German conservatives elect right-winger Merz as new party leader

AFP / Michael Sohn

Germany's centre-right Christian Democrats (CDU) on Saturday elected arch-conservative Friedrich Merz, their party leader, to follow the more centrist Armin Laschet.

Laschet lost September's national election to Chancellor Olaf Scholz's Social Democrats.

Merz, who has promised a break with the CDU's centrist course pursued by Angela Merkel during her 16-year tenure as chancellor, got nearly 95% of the valid votes during a virtual party conference, party secretary-general Paul Ziemiak said.

The official election followed an informal vote last month in which Merz beat party rivals Norbert Roettgen and Helge Braun, who had both positioned themselves as heirs of Merkel's more centrist line.

The 66-year-old succeeded on his third attempt to win the party's leadership. An emotional Merz accepted the vote, his voice cracking as he thanked the delegates for their support.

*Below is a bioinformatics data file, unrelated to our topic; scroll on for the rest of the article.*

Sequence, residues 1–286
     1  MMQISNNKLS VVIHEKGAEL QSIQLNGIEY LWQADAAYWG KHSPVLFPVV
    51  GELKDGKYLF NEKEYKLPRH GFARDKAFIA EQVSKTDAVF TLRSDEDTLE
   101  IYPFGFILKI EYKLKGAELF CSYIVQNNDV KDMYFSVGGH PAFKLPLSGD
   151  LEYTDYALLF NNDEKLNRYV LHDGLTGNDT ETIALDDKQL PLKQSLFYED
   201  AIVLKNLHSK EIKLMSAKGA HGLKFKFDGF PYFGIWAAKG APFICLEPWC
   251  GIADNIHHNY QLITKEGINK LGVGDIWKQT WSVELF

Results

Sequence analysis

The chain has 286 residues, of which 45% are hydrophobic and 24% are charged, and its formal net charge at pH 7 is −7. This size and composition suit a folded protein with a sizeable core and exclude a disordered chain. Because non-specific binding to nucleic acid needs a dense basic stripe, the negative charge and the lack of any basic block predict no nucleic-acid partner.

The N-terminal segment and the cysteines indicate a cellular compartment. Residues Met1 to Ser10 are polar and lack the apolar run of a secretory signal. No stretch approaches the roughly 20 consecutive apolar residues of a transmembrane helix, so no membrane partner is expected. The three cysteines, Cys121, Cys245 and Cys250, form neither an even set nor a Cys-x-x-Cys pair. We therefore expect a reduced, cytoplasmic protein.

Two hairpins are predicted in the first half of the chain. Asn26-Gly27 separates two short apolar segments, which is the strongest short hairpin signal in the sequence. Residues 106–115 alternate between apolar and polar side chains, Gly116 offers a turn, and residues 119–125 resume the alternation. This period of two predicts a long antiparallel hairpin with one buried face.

In his speech, Merz accused Scholz of lacking a clear stance in the stand-off with Russia over its military build-up near the Ukrainian border.

"Former chancellors would have shown leadership," Merz said.

The CDU could only win back its former strength by showing unity, Merz said. "What we experienced in the Union in 2021, this may and will not repeat itself," Merz said, referencing in-fighting among the party's senior leadership during the last election campaign.

A lawyer from western Germany, Merz was a senior legislator in the early 2000s before pursuing a lucrative career with asset manager Black Rock. He returned to the German parliament in 2021.

Among the challenges facing Merz now is how to position the CDU and its Bavarian sister party, the Christian Social Union (CSU), as the biggest opposition party in parliament and how to draw a clear line between them and the far-right AfD party.

 

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